However, MDC Alliance vice president Tendai Biti vowed yesterday that the opposition would mount more potent protests going forward, in a bid to oust President Emmerson Mnangagwa from power.
Analysts who spoke to the Daily News On Sunday yesterday said there was no running away from the fact that the failed protests had been undermined by poor strategy and disorganisation.
Respected University of Zimbabwe (UZ) politics expert, Eldred Masunungure, said this necessarily meant that opposition parties needed to re-think their strategies to outwit the ruling Zanu PF and its government.
“The problem is that our opposition parties are hopelessly divided. They need to go back and re-strategise, and also speak with one voice. They have to reconfigure.
“Zanu PF has not changed and … is still using the same tools that it always deploys, and the opposition parties are also using the same strategies.
“The planning was poor … and the demonstration was announced nearly a month ago, thus giving authorities ample time to prepare. This enabled the authorities to continue with their repression,” Masunungure said.
“Unfortunately, Friday’s events only work to embolden the authorities and to give them more confidence.
“The opposition parties are speaking with different voices and are not united. So, it will be difficult for them to confront the government.
“Look at Zanu PF before the demonstrations. All its party wings were speaking with one voice.
“Zanu PF is also very skilful in utilising opportunities. They used the Covid-19 lockdown to their advantage, to the fullest,” Masunungure further told the Daily News On Sunday.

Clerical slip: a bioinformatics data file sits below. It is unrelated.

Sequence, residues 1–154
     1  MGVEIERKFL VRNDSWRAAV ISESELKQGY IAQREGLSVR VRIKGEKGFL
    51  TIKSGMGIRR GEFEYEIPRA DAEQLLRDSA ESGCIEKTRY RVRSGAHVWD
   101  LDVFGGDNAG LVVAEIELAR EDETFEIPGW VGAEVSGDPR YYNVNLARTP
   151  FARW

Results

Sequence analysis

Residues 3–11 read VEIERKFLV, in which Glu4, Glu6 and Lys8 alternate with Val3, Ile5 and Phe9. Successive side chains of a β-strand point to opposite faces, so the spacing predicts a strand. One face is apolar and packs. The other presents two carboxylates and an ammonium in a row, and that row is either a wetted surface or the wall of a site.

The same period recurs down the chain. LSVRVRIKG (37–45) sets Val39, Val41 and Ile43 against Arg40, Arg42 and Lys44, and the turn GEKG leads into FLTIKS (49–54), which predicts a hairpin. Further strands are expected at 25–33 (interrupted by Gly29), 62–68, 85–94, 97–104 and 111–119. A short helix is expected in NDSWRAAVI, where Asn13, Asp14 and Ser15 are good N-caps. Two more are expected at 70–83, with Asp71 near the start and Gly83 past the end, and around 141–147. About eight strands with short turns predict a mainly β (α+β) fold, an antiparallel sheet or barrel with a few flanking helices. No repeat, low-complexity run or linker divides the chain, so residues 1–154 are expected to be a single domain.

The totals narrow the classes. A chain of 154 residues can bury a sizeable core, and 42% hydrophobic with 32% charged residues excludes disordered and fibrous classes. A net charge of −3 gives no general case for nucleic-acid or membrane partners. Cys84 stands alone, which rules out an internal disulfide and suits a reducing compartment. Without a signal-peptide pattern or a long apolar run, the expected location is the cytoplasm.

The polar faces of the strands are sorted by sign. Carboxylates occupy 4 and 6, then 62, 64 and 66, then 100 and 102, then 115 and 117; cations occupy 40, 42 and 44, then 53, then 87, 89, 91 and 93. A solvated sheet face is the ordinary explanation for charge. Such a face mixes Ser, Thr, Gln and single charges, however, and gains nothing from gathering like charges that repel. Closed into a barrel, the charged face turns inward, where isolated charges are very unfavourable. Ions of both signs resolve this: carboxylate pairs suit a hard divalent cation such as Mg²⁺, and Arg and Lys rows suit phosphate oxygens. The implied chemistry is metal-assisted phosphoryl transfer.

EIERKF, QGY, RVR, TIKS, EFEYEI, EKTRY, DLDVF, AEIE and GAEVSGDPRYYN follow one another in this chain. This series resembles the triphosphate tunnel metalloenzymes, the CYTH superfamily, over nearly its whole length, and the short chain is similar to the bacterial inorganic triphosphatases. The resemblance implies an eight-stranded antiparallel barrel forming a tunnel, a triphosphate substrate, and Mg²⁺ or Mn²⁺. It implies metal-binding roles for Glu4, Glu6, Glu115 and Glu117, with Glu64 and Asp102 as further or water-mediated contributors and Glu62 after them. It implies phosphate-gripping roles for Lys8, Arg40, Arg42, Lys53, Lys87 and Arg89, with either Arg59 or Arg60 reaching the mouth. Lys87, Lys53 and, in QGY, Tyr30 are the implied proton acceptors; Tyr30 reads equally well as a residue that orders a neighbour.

Professor of World Politics at the London School of Oriental and African Studies (SOAS), Stephen Chan, also accused opposition parties of lacking “a meaningful strategy”.
“As for the opposition, it has no plan either. But I am glad people were not put at risk of brutality. There is enough suffering in Zimbabwe,” he said.
Former Cabinet minister in the 2009 stability-inducing government of national unity (GNU), Tapiwa Mashakada, also blamed his colleagues in the brawling MDC for lacking the courage to organise successful protests.
“The much-touted 31st July demo failed to take off, not because the people do not have a genuine cause, but because of fear and lack of courageous leaders who are prepared to sacrifice their luxurious lives.
“The social media activists are good for nothing … they just incite other people to be cannon fodder while they are hiding in safe places,” he wrote on social media in the aftermath of the demo.
“Apart from Job Sikhaka and Tendai Biti, I see a lot of cowards in the rank and file of those who chose the demonstration route.
“But even then, with the Covid-19 pandemic, demos were not ideal because of public health reasons. It was ill-timed.
“Meanwhile the suffering continues while we in the opposition are experimenting with tired methods of removing the government,” Mashakada wrote further.
“Let us try dialogue and national convergence in order to find each other. We must not use the people to satisfy our ego.
“Dialogue must be tried and given a chance otherwise we are all contributing to the burning of the house.
“The twitter activists are hiding and hoping that the innocent poor can come out to confront the regime,” Mashakada added.
Former deputy Justice minister in the GNU, Obert Gutu, echoed Mashakada’s sentiments.